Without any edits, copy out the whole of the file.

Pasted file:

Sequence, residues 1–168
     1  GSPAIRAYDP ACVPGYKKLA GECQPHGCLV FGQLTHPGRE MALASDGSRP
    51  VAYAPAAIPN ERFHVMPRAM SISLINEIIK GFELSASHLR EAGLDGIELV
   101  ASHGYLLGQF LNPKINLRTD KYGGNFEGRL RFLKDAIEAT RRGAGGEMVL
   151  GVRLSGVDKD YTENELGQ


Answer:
Sequence, residues 1–168
     1  GSPAIRAYDP ACVPGYKKLA GECQPHGCLV FGQLTHPGRE MALASDGSRP
    51  VAYAPAAIPN ERFHVMPRAM SISLINEIIK GFELSASHLR EAGLDGIELV
   101  ASHGYLLGQF LNPKINLRTD KYGGNFEGRL RFLKDAIEAT RRGAGGEMVL
   151  GVRLSGVDKD YTENELGQ